Yes, it can. That may seem counterintuitive to those who understand the origins and technology behind T1 service. The T-Carrier specifications, of which T1 is the most popular line service, describe a system organized as multiplexed channels 64 Kbps wide. That channel size was optimized to transport a single independent digitized telephone call using PCM (Pulse Code Modulation). Clearly, T1 is oriented toward the switched circuit based public telephone network.
That’s true, but the important thing to remember about digital network technologies is that a bit is a bit. It’s either true or false, one or zero, regardless of the particular physical layer or higher level protocols involved. That means that a time division multiplexing technology like T1 can be used to transport a packet oriented technology like IP or Ethernet with a little protocol conversion.
That’s essentially what’s being done when T1 lines are used for data transmission. It’s been a long time since anything but Ethernet has been the standard for local area networks. Ethernet is an IP technology, based on packet switching. Those packets can be queued up and loaded into T1 frames for transmission through T1 lines and even multiplexed into T3 and SONET frames for longer haul transmission. At the far end, the packets are offloaded and sent on their way through an IP edge router connected to the T1 CPE (Customer Premises Equipment.)
If you want to connect your Ethernet networks over metropolitan and wide area networks, one technology you’ll be interested in is called Ethernet over T1 or EoT1. This is also called EoDS1 for Ethernet over DS1.
DS1 is simply the data service or protocol that runs on T1 lines. The reason there are two designations is that T1 describes a physical line consisting of two twisted pair copper telco loops running at 1.5 Mbps. The DS1 is all the bits formated for transmission just before loading into the actual T1 line. You can take that same DS1 and feed it into an add/drop multiplexer and transport it along with many others on a T3 circuit or a fiber optic service like OC-3. At the other end, the DS1 can be demultiplexed from the other services on the same line and delivered separately.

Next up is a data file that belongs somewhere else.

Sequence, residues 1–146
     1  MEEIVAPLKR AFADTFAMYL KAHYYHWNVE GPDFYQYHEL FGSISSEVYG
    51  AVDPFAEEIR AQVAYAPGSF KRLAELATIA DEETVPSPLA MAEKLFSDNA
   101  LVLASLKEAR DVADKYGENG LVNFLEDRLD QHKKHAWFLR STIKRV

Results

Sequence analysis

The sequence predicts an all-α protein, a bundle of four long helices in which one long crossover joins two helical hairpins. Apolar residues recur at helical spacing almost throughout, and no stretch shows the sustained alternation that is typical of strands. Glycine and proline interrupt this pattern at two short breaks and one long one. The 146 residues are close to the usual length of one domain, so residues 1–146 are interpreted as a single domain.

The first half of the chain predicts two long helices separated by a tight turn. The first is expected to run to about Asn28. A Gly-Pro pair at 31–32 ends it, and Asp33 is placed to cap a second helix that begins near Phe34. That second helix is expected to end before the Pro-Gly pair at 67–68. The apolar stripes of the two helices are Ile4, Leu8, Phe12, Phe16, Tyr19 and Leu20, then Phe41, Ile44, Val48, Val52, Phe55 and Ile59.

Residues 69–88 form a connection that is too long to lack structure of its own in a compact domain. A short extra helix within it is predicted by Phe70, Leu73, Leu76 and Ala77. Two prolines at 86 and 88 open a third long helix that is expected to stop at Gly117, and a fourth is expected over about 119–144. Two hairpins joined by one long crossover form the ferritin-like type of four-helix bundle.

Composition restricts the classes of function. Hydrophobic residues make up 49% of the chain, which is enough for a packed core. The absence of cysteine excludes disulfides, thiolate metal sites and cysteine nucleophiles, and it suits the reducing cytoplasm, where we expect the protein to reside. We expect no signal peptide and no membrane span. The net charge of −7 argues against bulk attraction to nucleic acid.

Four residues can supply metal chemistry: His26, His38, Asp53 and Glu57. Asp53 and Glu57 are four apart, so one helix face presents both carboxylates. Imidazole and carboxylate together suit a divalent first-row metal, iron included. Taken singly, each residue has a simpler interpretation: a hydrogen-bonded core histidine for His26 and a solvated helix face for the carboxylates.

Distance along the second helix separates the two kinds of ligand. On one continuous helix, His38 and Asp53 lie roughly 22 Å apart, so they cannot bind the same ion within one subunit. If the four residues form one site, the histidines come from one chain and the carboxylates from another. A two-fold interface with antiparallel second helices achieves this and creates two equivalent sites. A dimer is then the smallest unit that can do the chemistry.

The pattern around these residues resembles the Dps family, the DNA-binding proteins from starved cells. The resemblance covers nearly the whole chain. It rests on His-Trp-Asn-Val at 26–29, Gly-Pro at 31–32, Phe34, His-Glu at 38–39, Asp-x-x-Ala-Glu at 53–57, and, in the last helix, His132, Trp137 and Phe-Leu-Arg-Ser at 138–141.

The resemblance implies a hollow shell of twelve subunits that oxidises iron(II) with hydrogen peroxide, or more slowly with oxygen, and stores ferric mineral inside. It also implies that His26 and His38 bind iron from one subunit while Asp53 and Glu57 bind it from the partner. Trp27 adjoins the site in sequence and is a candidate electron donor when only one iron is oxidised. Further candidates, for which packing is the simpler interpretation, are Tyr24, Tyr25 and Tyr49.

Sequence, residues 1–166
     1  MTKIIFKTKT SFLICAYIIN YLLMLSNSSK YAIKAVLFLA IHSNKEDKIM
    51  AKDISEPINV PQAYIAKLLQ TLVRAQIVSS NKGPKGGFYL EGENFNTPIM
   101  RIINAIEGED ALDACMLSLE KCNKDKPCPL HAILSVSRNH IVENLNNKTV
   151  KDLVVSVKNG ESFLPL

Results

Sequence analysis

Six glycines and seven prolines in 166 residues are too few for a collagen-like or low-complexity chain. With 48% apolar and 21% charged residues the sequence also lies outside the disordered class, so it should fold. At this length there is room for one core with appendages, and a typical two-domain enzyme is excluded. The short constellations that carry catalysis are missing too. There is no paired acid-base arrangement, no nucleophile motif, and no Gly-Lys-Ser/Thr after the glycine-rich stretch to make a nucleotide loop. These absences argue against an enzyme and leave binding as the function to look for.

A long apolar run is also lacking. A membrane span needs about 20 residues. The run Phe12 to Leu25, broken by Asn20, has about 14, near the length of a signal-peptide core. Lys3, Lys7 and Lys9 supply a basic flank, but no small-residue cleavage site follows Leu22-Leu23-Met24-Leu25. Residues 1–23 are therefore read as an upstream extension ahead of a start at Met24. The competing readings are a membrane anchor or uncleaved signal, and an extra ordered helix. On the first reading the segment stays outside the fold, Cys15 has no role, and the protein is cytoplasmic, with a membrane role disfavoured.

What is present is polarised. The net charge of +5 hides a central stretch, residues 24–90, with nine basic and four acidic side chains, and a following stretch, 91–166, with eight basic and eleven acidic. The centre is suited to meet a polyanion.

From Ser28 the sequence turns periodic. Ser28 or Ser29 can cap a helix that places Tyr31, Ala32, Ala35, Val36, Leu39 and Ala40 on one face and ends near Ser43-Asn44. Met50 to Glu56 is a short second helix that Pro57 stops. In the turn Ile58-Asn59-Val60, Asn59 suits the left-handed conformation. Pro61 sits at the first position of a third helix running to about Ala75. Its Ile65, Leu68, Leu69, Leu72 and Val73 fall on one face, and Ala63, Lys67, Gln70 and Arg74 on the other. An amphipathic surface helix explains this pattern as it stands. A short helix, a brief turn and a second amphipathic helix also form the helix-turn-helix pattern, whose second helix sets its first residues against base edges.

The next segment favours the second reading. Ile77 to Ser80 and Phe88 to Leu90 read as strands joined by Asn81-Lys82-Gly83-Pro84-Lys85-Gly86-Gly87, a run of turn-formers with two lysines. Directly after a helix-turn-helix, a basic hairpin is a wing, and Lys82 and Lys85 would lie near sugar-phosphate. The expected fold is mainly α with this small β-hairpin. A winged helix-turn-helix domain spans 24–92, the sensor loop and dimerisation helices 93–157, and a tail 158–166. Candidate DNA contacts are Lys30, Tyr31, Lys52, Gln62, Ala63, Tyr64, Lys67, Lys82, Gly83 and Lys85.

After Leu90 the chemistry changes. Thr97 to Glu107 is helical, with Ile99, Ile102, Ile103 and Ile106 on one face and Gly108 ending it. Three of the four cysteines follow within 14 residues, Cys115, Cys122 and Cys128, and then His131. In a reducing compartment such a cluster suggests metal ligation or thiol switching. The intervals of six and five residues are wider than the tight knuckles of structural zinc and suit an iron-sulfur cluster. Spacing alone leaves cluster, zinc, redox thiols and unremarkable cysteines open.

In practice T1 and DS1 refer to the same thing to the actual user. What’s important is that Carrier Ethernet service can be delivered on a T1 line, albeit bandwidth limited to 1.5 Mbps. Who would want service that slow? Lots of companies need connectivity between locations, but don’t require high speeds. They may be using the service for retail credit card verification, communication with corporate headquarters, or to upload files to their web server. The big advantage they have with T1 lines is that they are almost universally available. If you can get business phone service, chances are that you can also get a T1 line installed. They are connected over the same telco wiring.
The competing service to Ethernet over T1 is Ethernet over Copper. That may seem like a fine line of distinction, but it is important. Ethernet over Copper (EoC) also uses twisted pair copper but a different modulation scheme that offers higher bandwidths but with distance limitations. If you are within a mile or two of the central office that has Ethernet over Copper equipment, you may be able to get 10 Mbps, 20 Mbps or even higher bandwidths from EoC. Some installations are transporting in excess of 100 Mbps over multiple copper pair.
Ethernet over T1 bandwidth can also be improved by adding more copper pair. The process of combining the bandwidths of several T1 lines into one larger bandwidth is called bonding. EoT1 bonding can deliver up to 10 or 12 Mbps to both metropolitan and rural areas, providing the equipment is available.
Are you interested in an IP connection for your computer or converged voice and data networks? If so, get pricing and availability for Ethernet over T1 or Copper now to see how much bandwidth is available for your business locations.